theodicy

Problem of Evil Syllabus

Here’s my finalised schedule. I’ll say a bit more about my reasoning at the bottom. The module meets once a week for 2 hours.

Week 1 – Introduction

In class reading, selection from Dostoevsky, The Brothers Karamazov

Week 2 – Augustine and Plantinga

Augustine, Enchiridion: On Faith, Hope and Love, chapter 4, ‘The Problem of Evil’ 

Augustine, City of God, Book XI, chapters 16-18, 22; Book XII, chapters 2-3

Platinga, The Nature of Necessity, 164-190

Week 3 – Irenaeaus and Hick

John Hick, ‘An Irenaean Theodicy’ in Encountering Evil: Live Options in Theodicy, 39-69.

Week 4 – Hume and Pike

David Hume, Dialogues Concerning Natural Religion, Parts 10-11

Nelson Pike, ‘Hume on Evil’, The Philosophical Review 72:2 (1963): 180-197

Formative Assessment 1 – Summarise one classical response to the problem of evil. Include references to one contemporary version or critique. This may not be a pair that we have discussed in class.

Week 5 – Surin

Theology and the Problem of Evil, Introduction, pp. 1-37

Week 6 – Surin

Theology and the Problem of Evil, Theodicies with a ‘Practical Emphasis’, 112-142

Week 7 – Reading Week

Formative Assessment 2 – Summarise a theodicy with a practical emphasis. This may not be one mentioned in Surin’s book.

Week 8 – Zygmunt Baumann

‘Sociology after the Holocaust’, Modernity and the Holocaust

Week 9 – Gender and the Problem of Evil 

Robin May Schott, ‘Evil, Terrorism and Gender’, Feminist Philosophy and the Problem of Evil

Week 10 – Race and the Problem of Evil

W.E.B. Dubois, ‘A Litany at Atlanta’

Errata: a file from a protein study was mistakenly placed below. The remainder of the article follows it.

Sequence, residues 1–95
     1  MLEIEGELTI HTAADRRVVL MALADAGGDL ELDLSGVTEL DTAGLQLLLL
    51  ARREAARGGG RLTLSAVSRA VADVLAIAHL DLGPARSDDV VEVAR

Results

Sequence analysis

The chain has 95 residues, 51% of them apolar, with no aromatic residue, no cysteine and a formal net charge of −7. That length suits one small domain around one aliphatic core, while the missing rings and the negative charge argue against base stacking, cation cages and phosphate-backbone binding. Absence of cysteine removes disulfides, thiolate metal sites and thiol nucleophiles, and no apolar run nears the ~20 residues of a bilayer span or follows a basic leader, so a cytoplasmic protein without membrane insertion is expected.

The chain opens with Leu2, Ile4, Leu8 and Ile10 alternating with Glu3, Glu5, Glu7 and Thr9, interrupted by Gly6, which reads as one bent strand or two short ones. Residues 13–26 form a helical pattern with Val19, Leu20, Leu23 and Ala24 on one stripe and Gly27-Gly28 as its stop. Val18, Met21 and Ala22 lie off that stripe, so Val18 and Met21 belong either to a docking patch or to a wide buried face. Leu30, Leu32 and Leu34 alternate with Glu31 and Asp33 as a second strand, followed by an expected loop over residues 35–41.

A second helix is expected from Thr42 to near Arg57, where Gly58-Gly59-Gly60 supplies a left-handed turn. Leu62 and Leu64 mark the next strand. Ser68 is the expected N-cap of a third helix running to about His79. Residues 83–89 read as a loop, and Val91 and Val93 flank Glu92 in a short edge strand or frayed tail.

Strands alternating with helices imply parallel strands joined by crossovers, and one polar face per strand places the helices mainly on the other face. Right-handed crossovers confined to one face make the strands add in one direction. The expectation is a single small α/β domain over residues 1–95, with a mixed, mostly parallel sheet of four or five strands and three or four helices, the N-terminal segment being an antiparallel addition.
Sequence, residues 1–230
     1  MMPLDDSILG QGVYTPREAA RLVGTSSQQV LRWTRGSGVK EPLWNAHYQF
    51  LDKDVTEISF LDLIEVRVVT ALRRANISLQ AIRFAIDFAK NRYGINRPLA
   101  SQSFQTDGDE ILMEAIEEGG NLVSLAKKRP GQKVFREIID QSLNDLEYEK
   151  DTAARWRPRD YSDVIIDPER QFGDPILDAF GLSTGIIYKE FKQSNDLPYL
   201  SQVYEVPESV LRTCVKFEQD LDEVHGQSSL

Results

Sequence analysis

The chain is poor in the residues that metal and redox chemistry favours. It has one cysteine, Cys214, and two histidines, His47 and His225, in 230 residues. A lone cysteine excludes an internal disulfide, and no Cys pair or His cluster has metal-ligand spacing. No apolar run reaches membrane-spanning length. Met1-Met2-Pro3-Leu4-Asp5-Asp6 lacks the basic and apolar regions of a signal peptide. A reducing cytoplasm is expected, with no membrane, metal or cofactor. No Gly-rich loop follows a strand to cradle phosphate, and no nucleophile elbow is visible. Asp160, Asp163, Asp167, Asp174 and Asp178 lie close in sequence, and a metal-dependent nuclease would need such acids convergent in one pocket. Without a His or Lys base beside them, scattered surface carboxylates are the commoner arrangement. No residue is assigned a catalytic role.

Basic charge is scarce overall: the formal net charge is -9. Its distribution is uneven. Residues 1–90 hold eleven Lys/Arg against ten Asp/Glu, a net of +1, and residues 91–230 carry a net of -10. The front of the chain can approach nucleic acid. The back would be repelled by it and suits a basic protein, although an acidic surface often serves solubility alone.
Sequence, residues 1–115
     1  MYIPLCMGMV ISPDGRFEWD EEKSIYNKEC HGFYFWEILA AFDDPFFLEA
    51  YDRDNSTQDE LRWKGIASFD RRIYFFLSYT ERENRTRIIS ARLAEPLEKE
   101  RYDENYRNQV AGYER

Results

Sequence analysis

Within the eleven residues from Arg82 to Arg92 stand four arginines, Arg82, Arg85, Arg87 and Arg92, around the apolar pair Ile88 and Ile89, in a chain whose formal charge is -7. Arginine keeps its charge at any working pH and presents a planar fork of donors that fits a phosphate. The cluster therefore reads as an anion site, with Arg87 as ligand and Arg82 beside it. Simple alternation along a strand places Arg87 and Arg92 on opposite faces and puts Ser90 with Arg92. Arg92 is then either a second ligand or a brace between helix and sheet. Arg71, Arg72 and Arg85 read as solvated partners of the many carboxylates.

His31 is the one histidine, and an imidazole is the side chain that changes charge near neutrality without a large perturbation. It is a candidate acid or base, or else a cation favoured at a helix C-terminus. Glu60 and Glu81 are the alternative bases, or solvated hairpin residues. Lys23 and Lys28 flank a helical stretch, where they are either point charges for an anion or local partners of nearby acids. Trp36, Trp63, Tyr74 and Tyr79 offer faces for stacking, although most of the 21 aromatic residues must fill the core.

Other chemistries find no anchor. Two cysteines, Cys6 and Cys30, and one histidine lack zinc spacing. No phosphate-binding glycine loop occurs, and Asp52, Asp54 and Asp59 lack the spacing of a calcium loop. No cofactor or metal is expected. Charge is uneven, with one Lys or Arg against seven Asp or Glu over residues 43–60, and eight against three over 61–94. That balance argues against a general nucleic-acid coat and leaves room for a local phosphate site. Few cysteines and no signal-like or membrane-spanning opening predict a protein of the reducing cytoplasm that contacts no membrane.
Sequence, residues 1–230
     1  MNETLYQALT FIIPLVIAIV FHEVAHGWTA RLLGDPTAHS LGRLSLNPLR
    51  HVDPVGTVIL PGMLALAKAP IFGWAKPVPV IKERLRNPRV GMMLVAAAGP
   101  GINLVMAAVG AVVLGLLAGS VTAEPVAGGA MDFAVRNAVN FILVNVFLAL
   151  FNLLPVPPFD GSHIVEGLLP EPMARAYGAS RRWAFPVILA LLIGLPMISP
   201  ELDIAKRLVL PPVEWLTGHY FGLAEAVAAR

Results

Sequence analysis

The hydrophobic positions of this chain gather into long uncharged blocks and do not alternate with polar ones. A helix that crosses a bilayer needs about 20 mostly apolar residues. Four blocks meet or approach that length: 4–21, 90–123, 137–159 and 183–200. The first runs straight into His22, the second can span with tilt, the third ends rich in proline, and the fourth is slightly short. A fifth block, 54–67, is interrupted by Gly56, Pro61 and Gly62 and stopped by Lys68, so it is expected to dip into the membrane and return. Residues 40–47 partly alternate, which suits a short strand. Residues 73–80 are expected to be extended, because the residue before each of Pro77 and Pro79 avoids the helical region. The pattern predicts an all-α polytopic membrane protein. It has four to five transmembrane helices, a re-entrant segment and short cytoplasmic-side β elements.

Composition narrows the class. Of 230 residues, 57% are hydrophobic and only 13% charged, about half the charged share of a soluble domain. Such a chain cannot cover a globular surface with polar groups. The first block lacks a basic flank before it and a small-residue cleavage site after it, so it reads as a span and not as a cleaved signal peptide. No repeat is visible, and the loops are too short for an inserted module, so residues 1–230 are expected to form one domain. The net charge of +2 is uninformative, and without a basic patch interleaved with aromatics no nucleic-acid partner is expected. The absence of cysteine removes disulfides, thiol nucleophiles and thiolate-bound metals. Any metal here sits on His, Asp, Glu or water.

James Cone, ‘God in Black Theology’ in A Black Theology of Liberation, 55-82

Week 11– Concluding discussion

Meillassoux, ‘The Spectral Dilemma’

I had hoped to include a straightforwardly post-colonial analysis of the problem of evil, but wasn’t able to find one. Postcolonial Philosophy of Religion includes an essay that discusses this a bit (‘What is the “Subaltern” of Philosophy of Religion?’), but it only amounts to a 1/3 or so of the essay. I was surprised by my inability to find a straightforward essay/chapter to fill this need in the module. It may be that I’m just not looking in the right places. Searching for theodicy or the problem of evil combined with Fanon, Said, Bhabha, postcolonialism and subaltern all produced occasional references, but not sustained critiques.

I think Cone will help students think through related problems. The problem with teaching black theologies of liberation is that they tend to be very culturally specific to the US. I think many of these issues resonate with concerns here in the UK, but it adds an extra layer of excuses (‘we don’t have those problems here’). Even though that’s not the case, it means that you have to spend doing extra work demonstrating that the UK is not a post-racial society. I’m happy to do that work, but post-colonial analyses tend to hit closer to home (at least for white students).

I’m uncertain of the Schott essay. The book hasn’t arrived, so I’m working off of reviews and snippets of her other writings. Someone like Rosemary Radford Ruether would be an alternative (and would challenge students), but I want to avoid the class being focused entirely on the problem of evil as a problem for theology or philosophy of religion (which is really philosophy of theism). I’ll have time to change the reading if I’m unsatisfied after the book has been delivered.

Each of the weeks will include supplemental resources including other academic works, things taken from the news and the occasional film or television reference. For instance, in the last week I’ll ask students to also read Peter Thompson’s two columns in the Guardian on confronting terminal illness as an atheist. Badiou has a chapter in his Ethics that talks about the problem of evil in a way which resonates with Baumann. I was tempted to just assign the Badiou reading, but I think it would be a little much. Students won’t have been introduced to ‘continental’ philosophy yet and I think they would be thrown by all the talk of the state of the situation and sets.